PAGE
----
Hard to believe a Stanford or Harvard business school graduate needs any networking help from travel programs to open doors for them.
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Old 02-12-2015, 03:25 PM   #6
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Hard to believe a Stanford or Harvard business school graduate needs any networking help from travel programs to open doors for them.
True, but it certainly looks like fun.

Ha
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Old 02-12-2015, 05:36 PM   #7
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Looks kind of like my study abroad experience in Mexico. What I remember of it anyway.

Swimming pools, bars, outings, all the socializing you could stand and then some. And that was me being a studious nerd and not going out a lot.

But it was six weeks, 6 credit hours, gallons and gallons of beer, and maybe $4000-5000. Zero new contacts other than keeping in touch with the professor that led the group and a close friend I roomed with (who's oddly enough in private equity and bounces from NYC to Zurich to Singapore). I already knew that close friend from high school and college, so it wasn't a new connection made on the study abroad trip (maybe a deeper connection?).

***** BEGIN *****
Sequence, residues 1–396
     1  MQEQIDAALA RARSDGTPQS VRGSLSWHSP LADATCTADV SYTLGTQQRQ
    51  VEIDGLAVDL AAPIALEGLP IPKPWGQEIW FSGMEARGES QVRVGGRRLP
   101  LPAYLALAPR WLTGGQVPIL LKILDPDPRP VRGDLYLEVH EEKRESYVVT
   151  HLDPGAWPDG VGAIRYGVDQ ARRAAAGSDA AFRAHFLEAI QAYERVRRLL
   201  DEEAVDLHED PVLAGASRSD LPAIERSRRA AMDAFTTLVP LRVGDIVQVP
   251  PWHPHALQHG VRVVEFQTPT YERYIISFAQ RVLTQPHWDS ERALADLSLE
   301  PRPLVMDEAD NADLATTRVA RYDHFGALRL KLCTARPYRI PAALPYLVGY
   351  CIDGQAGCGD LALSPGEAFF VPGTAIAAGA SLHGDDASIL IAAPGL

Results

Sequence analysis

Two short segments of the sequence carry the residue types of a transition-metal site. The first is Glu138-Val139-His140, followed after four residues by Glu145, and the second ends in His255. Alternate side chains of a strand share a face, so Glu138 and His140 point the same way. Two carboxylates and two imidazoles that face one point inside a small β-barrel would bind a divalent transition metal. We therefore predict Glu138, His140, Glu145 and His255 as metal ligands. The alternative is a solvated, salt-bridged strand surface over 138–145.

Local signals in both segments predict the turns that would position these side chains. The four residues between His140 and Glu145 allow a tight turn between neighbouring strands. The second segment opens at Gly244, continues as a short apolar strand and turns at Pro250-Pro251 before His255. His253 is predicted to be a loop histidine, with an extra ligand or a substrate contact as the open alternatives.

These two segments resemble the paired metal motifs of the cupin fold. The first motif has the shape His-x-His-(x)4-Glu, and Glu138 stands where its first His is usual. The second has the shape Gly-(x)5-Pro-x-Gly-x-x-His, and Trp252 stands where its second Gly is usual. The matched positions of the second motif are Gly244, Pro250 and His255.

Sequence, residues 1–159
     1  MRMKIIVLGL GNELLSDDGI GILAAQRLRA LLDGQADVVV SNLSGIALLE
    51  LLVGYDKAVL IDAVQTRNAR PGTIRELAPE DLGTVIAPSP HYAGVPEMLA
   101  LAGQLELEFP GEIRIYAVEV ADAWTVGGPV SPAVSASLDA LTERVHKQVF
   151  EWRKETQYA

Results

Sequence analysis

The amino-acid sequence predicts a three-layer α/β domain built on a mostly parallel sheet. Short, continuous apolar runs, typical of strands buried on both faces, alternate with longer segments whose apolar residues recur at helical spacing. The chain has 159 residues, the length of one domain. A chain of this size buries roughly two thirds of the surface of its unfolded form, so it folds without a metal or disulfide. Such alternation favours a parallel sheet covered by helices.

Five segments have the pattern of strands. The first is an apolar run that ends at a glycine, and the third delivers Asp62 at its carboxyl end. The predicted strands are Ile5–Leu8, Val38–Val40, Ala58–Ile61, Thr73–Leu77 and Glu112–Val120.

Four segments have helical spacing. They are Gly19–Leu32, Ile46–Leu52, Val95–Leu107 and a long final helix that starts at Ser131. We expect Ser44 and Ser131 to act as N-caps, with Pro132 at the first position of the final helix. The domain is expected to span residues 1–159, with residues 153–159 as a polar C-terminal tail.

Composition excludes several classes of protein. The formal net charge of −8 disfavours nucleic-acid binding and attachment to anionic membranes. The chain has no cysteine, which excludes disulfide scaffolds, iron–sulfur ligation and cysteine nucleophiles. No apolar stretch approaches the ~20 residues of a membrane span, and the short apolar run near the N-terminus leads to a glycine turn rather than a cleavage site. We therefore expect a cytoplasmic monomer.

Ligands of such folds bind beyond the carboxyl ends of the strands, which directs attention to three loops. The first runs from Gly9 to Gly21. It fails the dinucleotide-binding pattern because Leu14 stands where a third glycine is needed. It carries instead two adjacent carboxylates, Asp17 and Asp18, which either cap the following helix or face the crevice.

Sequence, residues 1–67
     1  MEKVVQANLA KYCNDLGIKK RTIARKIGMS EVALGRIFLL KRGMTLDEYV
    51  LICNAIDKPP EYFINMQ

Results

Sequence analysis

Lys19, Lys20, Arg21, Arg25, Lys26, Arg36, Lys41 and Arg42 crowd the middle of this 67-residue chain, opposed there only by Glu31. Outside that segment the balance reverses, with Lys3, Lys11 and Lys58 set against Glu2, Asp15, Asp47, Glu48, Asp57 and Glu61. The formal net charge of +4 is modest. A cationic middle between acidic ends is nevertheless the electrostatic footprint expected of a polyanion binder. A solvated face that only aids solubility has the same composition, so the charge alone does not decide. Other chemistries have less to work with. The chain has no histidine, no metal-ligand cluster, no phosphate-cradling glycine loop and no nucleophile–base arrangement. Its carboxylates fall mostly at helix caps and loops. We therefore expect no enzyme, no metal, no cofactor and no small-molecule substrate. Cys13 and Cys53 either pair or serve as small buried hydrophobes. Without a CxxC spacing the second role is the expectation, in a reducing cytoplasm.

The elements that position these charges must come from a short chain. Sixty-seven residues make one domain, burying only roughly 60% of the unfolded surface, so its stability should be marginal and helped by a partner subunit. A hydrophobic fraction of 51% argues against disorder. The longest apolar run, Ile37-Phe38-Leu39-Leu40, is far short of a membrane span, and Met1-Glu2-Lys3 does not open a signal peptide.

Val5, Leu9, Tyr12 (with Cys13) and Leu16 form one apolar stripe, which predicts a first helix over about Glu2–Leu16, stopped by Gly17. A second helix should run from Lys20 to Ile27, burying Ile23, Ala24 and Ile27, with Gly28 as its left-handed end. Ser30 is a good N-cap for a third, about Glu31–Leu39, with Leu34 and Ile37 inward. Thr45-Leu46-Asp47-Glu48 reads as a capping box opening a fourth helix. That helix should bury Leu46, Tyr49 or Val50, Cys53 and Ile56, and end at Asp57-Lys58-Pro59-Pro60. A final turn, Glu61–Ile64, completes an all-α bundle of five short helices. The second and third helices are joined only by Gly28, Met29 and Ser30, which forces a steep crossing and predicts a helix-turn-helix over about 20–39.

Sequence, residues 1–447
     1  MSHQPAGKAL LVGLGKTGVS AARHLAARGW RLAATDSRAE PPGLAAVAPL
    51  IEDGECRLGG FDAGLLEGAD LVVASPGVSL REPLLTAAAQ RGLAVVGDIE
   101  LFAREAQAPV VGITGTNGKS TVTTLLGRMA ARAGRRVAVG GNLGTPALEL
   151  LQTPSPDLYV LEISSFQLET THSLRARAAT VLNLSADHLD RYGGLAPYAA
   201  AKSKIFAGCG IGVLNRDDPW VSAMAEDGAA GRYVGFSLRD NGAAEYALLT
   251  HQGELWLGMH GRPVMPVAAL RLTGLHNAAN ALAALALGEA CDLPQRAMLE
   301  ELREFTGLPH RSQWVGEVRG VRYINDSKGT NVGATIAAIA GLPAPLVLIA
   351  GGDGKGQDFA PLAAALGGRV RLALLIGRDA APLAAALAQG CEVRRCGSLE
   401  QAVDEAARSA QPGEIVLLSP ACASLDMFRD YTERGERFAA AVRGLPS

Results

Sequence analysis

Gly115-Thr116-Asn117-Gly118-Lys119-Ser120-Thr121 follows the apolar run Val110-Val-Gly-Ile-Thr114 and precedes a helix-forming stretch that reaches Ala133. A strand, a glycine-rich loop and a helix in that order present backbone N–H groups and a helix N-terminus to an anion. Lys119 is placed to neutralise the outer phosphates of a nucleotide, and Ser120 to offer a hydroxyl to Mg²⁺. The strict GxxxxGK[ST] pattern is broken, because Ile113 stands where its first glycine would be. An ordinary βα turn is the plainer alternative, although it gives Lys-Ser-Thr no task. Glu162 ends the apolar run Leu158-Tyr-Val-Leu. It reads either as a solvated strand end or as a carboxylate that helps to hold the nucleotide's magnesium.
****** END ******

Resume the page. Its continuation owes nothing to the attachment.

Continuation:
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Old 02-13-2015, 04:10 AM   #8
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Do connections in top tier MBA schools actually translate into dollars or other tangible benefits? I have no idea - just curious if there is actual research on this topic. It seems like with our kids and their friends the big determining factors on job prospects for internships and post college jobs at the undergrad level have been mainly choice of major, not the school.
At that level, yes for some people. Your MBA class becomes your elite friend group for life. The mix of that group is basically rich and well-connected teaming up with smart and hard-working. I know a few people who ended working with an MBA buddy (sometimes starting new companies together). This is personal experience and info, not academic research.

Also, the best paying firms recruit exclusively at the top tier schools. We are talking Bain Capital, Mckinsey, Goldman Sachs kind of gigs, but also increasingly Google and Amazon, just to name a few tech giants.